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Marillion.Com Introduction

Introduction: Marillion.Com is the seventh Marillion album with Steve Hogarth, and their eleventh overall.

There isn't a cohesive theme to the album. Some songs carry on the themes of domestic upheaval seen on the preceding Radiation; indeed Interior Lulu and Tumble Down The Years were originally intended for the Radiation album but were held over as the band felt they required more work. Tumble is a little more optimistic than the Radiation material, whilst you can tell that House would have fitted in well with the feelings of despair that pervaded the previous album.

Having said that, there’s also a sense of liberation and freedom seen in songs like Rich, Go! and Enlightened. These songs continue from the themes in the previous album's A Few Words For The Dead and These Chains.

Musically, the album veers from Who-like rock, to ambient dub and a full-on Prog extravaganza. The name of the album, Marillion.com, was meant to promote the feeling of community the band felt had developed around their Internet presence - about the time of DotCom and when, off their own backs, the fanbase clubbed together to finance an American tour for the band. The album name was very deliberately chosen because the band knew that their three album deal with Castle Communications was coming to an end and the tour fund had given them the first inklings of how vital the Internet might be to their future. As such, it was deliberately intended to drive people to the website, as was an offer of a free bonus disc, Marillion.co.uk that could be had in exchange for providing one’s details for the band’s mailing list.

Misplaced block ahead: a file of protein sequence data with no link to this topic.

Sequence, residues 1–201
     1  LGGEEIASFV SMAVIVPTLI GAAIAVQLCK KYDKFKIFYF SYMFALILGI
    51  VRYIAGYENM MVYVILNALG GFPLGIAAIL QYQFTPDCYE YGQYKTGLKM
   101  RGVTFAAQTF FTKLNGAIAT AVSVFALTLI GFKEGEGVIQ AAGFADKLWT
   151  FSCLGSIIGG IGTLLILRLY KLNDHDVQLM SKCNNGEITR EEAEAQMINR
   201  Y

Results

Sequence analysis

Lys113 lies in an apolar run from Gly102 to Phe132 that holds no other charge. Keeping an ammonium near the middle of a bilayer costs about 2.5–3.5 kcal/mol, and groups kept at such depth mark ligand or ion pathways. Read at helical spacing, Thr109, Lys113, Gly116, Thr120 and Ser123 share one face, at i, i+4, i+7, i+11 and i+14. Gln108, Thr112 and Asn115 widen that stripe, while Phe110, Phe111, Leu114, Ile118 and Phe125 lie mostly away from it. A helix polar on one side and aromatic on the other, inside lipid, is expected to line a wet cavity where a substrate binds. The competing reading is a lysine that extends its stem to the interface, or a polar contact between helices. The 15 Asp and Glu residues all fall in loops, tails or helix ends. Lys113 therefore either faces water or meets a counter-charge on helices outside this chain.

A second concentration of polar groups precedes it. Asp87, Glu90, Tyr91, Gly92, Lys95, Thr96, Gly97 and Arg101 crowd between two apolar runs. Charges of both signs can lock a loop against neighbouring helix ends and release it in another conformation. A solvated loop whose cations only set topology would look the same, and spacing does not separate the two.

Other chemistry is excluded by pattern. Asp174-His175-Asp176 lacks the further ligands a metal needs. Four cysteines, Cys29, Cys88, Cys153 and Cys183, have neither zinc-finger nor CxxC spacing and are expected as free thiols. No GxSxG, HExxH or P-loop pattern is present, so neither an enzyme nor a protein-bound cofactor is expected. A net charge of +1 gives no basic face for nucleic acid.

All the songs have explanations, but for most this is simply the fact that the band wrote a few short lines about each song on their website. I've lifted 'em and plonked 'em here.


Cover notes: Featuring model Justine Leyland standing at the junction of Garrick Street and Long Acre in London, looking up Great Newport Street in London, holding an illuminated laptop, the cover juxtaposes the cold real world with the enticements of the Internet and computers - although Interior Lulu is not all positive about such things. Overlaid are long exposures tail lights. The pose of the cover model echoes that of the woman on the cover of Radiation.

The rear cover shows a barcode down the right side, whilst the tracks and album information are listed in a mono-spaced font over an aerial picture of skyscrapers. The interior sleeve features hundreds of passport photos of fans.

A Request

Please do not copy or translate this site or otherwise pass it off as your own without asking if it's all right first. The site's taken a lot of work over a lot of years from me and the contributors (who are always credited where possible), so it'd be nice to be asked first.

I'm happy for other language versions to be done (and indeed some already exist) but only if credited.

Transgressors will be made to listen to Hope for the Future and Most Toys on repeat and watch the Man of a Thousand Faces video. Twice.